By: Elizabeth Hodges
Daryl Obermeyer of Brownville, Nebraska has always done his own research to improve practices on his operation.
When he went to a soybean board meeting and heard guest speaker Laura Thompson, with the On-Farm Research Network, talk about her research, he reached out.
“I wanted to get legitimate results, so I called the On-Farm Research Network and the NRCS,” Obermeyer said.
In this research project, Obermeyer was testing winterkill cover crops and spring burndown cover crops in an effort to improve soil health.
“Daryl has been an outstanding cooperator here in southeast Nebraska for this project,” said Nebraska Extension Water and Integrated Cropping Systems Educator Gary Lesoing.
Daryl Obermeyer has always been a self-starter, reaching back to when he first bought the farm.
This first-generation farmer has a diversified operation where he grows soybeans, wheat, corn, alfalfa and raises cattle. He has been working the land for 50 years. He and his wife Jackie have been married for 49 years and have three kids. The future of Obermeyer farm is bright as they have six granddaughters. Currently, there are two granddaughters who are interesting in taking over the farm and becoming second-generation farmers.
Water Infiltration is Key
One way that Obermeyer has been able to improve the bottom line is through planting cover crops like cereal rye, turnips and radishes. For this study, he compared that mixture to a mixture of oats, turnips and radishes. He saw that with a live root always in the soil, there was greater water infiltration.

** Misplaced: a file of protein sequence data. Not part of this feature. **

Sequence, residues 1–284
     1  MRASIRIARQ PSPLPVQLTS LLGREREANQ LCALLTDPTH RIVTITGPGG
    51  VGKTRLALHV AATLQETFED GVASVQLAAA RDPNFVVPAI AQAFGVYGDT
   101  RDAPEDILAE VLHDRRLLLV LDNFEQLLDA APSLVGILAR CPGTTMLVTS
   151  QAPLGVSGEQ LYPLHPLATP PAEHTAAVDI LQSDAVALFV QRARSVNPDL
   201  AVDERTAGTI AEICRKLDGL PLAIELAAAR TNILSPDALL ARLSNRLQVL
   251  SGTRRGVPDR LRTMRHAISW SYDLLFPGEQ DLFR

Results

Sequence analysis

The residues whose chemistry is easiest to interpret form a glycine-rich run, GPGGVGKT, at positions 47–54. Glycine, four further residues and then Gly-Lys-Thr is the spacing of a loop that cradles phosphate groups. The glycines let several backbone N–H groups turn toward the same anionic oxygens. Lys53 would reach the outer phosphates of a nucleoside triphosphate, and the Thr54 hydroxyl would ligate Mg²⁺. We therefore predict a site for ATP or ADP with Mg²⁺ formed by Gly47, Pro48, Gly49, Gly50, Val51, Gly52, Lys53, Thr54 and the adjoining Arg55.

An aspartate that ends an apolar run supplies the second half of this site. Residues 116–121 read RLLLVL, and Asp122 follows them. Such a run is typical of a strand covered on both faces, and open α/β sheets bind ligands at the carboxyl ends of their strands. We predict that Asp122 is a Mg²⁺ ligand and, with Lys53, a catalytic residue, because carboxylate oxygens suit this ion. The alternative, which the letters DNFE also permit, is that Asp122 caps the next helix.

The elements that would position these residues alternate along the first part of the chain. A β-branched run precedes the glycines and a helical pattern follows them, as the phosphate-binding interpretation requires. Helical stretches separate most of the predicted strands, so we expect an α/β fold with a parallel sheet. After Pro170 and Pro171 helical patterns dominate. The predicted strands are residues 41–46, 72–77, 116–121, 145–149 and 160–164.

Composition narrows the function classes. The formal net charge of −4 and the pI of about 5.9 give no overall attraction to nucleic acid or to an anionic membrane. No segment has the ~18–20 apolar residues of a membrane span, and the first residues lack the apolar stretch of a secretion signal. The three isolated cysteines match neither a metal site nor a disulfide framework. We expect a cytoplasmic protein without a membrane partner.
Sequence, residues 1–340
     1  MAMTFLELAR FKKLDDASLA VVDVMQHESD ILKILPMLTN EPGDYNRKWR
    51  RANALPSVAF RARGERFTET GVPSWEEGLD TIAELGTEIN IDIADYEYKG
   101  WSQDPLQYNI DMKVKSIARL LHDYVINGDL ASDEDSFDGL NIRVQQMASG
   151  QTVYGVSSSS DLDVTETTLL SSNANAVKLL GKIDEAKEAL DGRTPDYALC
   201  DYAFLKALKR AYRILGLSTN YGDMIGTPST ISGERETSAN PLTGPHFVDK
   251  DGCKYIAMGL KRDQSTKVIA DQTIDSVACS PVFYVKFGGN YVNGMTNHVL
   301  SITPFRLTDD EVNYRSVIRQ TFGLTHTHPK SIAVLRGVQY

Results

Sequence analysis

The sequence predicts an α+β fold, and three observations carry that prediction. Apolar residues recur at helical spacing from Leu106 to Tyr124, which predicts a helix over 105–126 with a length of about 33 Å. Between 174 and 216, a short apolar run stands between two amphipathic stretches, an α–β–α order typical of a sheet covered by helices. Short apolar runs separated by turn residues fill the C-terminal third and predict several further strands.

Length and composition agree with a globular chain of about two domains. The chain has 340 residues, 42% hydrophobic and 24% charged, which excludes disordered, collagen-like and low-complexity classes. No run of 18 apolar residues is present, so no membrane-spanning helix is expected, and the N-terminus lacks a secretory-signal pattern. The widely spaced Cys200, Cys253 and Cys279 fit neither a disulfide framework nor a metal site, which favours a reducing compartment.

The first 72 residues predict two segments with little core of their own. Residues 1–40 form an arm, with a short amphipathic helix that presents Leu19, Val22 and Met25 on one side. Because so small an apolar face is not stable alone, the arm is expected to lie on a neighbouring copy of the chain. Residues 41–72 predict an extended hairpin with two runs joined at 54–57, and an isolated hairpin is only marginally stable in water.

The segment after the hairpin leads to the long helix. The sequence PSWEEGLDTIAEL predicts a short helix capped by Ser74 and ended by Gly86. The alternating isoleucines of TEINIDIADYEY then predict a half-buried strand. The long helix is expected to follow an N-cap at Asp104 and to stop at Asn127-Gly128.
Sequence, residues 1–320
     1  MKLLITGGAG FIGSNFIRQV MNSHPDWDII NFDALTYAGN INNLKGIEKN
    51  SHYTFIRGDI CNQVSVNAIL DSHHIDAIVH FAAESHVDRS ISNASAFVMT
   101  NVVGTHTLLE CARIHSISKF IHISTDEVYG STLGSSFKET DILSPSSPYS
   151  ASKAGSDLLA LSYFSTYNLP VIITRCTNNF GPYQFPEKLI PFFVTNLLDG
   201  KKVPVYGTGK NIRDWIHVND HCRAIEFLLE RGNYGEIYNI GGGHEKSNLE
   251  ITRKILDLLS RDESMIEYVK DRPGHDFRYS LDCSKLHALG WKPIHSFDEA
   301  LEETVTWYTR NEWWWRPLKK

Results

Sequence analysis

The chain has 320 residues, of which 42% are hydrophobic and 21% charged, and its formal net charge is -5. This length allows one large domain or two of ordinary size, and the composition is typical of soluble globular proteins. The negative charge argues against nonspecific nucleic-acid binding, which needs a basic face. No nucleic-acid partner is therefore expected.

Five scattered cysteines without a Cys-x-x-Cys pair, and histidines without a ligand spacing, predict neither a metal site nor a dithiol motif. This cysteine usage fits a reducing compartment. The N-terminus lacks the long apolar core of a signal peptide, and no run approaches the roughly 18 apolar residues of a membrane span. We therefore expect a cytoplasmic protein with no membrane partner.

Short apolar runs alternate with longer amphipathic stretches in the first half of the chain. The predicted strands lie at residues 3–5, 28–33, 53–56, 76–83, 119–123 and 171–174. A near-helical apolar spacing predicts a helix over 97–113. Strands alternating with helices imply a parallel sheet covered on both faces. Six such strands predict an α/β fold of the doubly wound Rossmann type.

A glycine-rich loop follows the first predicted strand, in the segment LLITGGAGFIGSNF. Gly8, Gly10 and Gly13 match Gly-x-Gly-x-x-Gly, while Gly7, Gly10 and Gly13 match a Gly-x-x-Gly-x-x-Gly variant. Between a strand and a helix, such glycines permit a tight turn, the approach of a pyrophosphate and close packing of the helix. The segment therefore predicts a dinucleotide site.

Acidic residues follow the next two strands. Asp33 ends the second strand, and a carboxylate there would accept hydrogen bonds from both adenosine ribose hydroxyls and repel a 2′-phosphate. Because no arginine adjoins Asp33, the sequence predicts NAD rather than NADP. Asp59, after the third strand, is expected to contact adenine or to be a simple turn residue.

This is an outcome that Obermeyer had been suspecting before inviting On-Farm Research in on the study. He has also seen an increase in organic matter, as expected by utilizing cover crops.
“I really didn’t have any expectations for this study, I was just waiting for results,” Obermeyer said.
All About the Results
Lesoing reported this about Obermeyer’s study: “The first and second years of the project, winter-hardy cover crops (cereal rye) used more moisture in the soil profile than the winter-killed cover crops of oats in the corn and soybean crops respectively.
“This was just the first two years of the study and on the poorer soil. The final three years of the study, yields were excellent and comparable for corn and soybeans following winter hardy and winter terminated cover crops each year.”
Cattle and Cover Crops
This cover crop study proved to be useful to his cattle operation in many ways. One of those ways was savings in hay and mineral by grazing the cattle on the cover crops.
“By grazing my cattle on the cover crops, I improved my herd health as seen by healthier calves,” Obermeyer said.
By doing this study with winterkill and spring burndown, he was able to graze cattle during a warm spring and in the fall. Overall, grazing cattle on these fields helped decrease his fertilizer costs. With all of these factors adding up, he was able to help improve the bottom line through cover cropping.
OFR Runs Deep on Obermeyer Farms
Obermeyer had already implemented cover cropping practices in his operation before the NRCS and On-Farm Research study started. He used this study to validate what he was doing and get concrete data and results of what was really happening.
“I just didn’t have the time or patience to run all the statistics,” Obermeyer reflected.
At the end of the study, it validated his management decision to plant cover crops due to the fact that it helped the bottom line and improved soil health.
Right now, Daryl is doing another study with Nitrogen Management and wheat, with this being year three of the study. He recommends doing a study to other producers who are looking to improve something on their operation or even just validate what practices they have already implemented on their operations.
“There are several opportunities to participate in specific on-Farm Research Projects, with some even providing financial compensation for participating in an experiment,” Lesoing said. “Farmers can also design their own projects if they want.”
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